This is the amount colleges will expect your family to pay per year. The smaller your EFC and income, the more aid you qualify for (this is a federal formula, determined by the FAFSA). The earlier you know your EFC the better. It is best if you use the EFC calculator on CollegeBoard.com to determine your estimated EFC. You should do the calculation for both federal and insitutional methodologies. You will need your parents’ AGI, tax, and investment information. This is a very important step!
FairTest schools do not require SAT
scores on an application or to gain admission. FairTest is run by The National Center for Fair & Open Testing.
Final Year Reports
Final year reports are sent to colleges in June of your Senior year. They are your 2nd semester grades and are essentially proving to schools that you did not slack at the end of Senior year. If there is a dramatic difference between the GPA you submitted to universities and your GPA from Senior year, it may be grounds enough for the college to alter their admissions decision.
Free Application for Federal Student Aid (FAFSA)
The application that every student must submit in order to be eligible for federal financial aid. The CORRECT link for this is www.fafsa.ed.gov. Do NOT use the link "fafsa.com". That site is not official.
A gap year is a year typically taken between high school and college. Most students apply to college during Senior year, accept a spot, and then defer the admission for one year to go on a gap program. Colleges recommend you not mention your intent to do a gap year in your application. Gap year programs can be structured, in a group setting, or very independent, like an internship. Most kids do a structured program in the fall for three months, take a break, and then do a more independent program from January to June. A gap year allows students to explore their interests, and after going on a gap year most students have higher GPA's in college because a gap year allows you to recharge your batteries and discover your passions. Studying abroad, typically done after sophomore year of college, also falls under the gap year category. You must apply to go on a gap year, usually 3-5 months in advance.
GPA (Grade Point Average)
A quantitative measure of your academic record; it is usually based on a scale from 0 to 4.0. Your GPA is a cumulative number of your progress in every class, all together.
An institution of higher learning, generally a division of a university, that enables students to earn a Masters or even Doctorate degree. Grad school is usually highly specialized and very intensive. You attend graduate school after you get your BA degree from your four years of college.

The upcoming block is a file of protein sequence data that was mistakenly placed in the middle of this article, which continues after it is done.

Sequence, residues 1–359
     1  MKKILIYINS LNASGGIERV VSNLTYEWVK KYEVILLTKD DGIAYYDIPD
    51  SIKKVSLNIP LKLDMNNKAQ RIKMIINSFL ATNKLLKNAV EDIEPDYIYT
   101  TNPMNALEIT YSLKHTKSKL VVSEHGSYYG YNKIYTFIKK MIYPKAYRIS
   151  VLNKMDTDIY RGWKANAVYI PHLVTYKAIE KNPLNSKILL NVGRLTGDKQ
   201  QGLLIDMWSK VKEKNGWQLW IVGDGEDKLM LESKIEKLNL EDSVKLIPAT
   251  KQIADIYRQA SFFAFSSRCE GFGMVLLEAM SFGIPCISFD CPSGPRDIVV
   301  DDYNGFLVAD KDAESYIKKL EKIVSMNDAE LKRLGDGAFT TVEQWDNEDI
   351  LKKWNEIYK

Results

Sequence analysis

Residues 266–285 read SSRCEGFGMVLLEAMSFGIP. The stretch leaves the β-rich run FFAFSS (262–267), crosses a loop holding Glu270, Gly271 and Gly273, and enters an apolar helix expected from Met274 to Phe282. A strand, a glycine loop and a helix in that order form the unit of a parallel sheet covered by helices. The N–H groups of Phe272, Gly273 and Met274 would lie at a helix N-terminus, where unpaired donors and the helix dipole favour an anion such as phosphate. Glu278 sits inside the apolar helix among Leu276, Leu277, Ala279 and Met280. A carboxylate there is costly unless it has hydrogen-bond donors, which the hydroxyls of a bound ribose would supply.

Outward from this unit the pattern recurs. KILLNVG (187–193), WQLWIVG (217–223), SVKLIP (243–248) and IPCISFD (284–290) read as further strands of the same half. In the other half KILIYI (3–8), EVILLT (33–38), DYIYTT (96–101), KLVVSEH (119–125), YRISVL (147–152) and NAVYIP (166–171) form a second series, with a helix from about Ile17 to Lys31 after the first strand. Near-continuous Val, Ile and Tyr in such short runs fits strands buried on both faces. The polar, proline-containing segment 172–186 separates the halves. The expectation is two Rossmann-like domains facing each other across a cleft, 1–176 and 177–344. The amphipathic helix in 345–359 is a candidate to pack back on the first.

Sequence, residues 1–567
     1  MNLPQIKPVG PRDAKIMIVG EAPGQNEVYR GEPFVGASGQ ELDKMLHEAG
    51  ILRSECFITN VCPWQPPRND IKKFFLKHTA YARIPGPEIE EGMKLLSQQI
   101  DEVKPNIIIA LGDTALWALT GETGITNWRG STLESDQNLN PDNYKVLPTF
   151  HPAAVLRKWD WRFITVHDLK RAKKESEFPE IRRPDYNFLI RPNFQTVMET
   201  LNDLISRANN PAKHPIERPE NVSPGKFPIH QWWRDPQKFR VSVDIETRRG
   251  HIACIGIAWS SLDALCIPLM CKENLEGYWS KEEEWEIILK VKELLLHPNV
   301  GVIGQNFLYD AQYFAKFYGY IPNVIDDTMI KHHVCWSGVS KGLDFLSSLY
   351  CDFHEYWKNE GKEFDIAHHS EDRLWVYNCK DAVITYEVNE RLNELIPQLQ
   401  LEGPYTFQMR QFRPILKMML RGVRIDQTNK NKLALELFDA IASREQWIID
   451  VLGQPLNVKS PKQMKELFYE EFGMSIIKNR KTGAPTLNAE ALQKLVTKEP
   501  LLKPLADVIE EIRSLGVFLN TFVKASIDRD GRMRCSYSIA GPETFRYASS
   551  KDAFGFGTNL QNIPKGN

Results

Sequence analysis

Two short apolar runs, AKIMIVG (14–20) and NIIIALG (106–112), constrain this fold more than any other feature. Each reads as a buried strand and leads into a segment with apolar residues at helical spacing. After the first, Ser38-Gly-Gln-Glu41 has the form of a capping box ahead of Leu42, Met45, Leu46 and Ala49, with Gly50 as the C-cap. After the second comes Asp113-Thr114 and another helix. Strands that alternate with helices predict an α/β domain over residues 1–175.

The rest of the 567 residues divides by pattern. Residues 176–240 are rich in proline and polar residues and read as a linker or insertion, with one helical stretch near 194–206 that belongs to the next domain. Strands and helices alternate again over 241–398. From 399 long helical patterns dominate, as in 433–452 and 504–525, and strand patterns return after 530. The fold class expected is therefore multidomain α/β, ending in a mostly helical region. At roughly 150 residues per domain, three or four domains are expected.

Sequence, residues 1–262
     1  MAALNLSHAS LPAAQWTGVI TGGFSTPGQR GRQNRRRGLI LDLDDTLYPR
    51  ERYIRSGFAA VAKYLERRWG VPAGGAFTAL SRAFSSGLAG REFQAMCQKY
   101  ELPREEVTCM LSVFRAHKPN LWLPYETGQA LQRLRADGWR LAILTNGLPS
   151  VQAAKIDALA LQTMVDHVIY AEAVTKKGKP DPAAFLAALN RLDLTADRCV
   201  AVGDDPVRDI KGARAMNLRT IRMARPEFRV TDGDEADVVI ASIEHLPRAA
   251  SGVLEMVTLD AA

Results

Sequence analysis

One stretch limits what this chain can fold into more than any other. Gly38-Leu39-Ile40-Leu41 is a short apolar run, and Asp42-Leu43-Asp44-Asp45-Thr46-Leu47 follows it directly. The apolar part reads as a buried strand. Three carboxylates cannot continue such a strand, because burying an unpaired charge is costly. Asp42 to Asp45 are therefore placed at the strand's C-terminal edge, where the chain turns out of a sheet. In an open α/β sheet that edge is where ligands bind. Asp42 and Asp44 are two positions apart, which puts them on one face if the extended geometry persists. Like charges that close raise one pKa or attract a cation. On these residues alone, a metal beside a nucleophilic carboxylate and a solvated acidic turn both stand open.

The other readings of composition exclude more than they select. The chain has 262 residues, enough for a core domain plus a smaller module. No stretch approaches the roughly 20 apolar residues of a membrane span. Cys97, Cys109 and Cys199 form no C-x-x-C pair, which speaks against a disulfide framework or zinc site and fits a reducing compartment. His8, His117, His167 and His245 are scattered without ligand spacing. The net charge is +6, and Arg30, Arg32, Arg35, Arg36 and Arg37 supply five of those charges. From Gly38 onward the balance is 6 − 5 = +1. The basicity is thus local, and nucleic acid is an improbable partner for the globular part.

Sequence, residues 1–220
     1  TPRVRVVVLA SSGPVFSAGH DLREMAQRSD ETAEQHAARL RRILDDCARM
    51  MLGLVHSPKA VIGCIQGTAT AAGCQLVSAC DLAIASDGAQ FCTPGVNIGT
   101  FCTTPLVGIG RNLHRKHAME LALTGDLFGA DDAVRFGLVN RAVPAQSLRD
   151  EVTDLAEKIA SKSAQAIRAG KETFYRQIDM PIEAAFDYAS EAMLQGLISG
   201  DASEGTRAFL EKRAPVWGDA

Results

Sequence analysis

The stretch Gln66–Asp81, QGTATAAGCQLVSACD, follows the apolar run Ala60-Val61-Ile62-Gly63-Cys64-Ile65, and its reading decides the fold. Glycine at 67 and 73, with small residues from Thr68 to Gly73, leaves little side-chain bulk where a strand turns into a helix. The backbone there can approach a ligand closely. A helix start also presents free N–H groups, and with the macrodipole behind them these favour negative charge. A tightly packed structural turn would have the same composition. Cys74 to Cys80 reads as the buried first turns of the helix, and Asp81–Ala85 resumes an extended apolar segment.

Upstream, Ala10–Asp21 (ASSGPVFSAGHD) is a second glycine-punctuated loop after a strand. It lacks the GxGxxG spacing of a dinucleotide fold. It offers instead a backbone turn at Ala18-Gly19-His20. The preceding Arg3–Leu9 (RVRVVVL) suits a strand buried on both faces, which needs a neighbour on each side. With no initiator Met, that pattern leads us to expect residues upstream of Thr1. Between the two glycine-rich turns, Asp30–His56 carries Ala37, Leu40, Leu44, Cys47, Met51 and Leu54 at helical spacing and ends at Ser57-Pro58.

Greek life is the collection of sororities and fraternities that make up the Greek system on a campus. They often have a large influence within the campus social life of a university.
A guidance counselor is an educator who advises students on academics, career choices, personal problems, and similar situations. Guidance counselors also help students through the college application process and the school counselor writes you a letter of recommendation for your college applications, so get to know this person, don't cause problems for them, and always be on your very best behavior to make a good impression. If your school does not have a guidance counselor, or if she/he is swamped with kids, consider going to your local Boys and Girls Club, or joining another community organization that matches mentors with students. Post questions in the Forum on CollegeMapper and our volunteer counselors will answer them for you, too!
Students may choose to conduct independent research during their summers or even during the school year. Independent research can cover a variety of topics that are of personal interest to a student such as: World War II, breaking the poverty cycle, how music affects your brain, antique cars, theories involving magnets, etc. A student can conduct research through: the internet, *reading*, interviews, podcasts, museums, films, lectures, books, magazines, etc. You do not necessarily need to "do" anything with your research--although that is a bonus--but the fact that you explore something of interest to you on your own time shows your colleges that you are a curious thinker type, and everybody in academia loves that! (Reading is a main component of any independent research).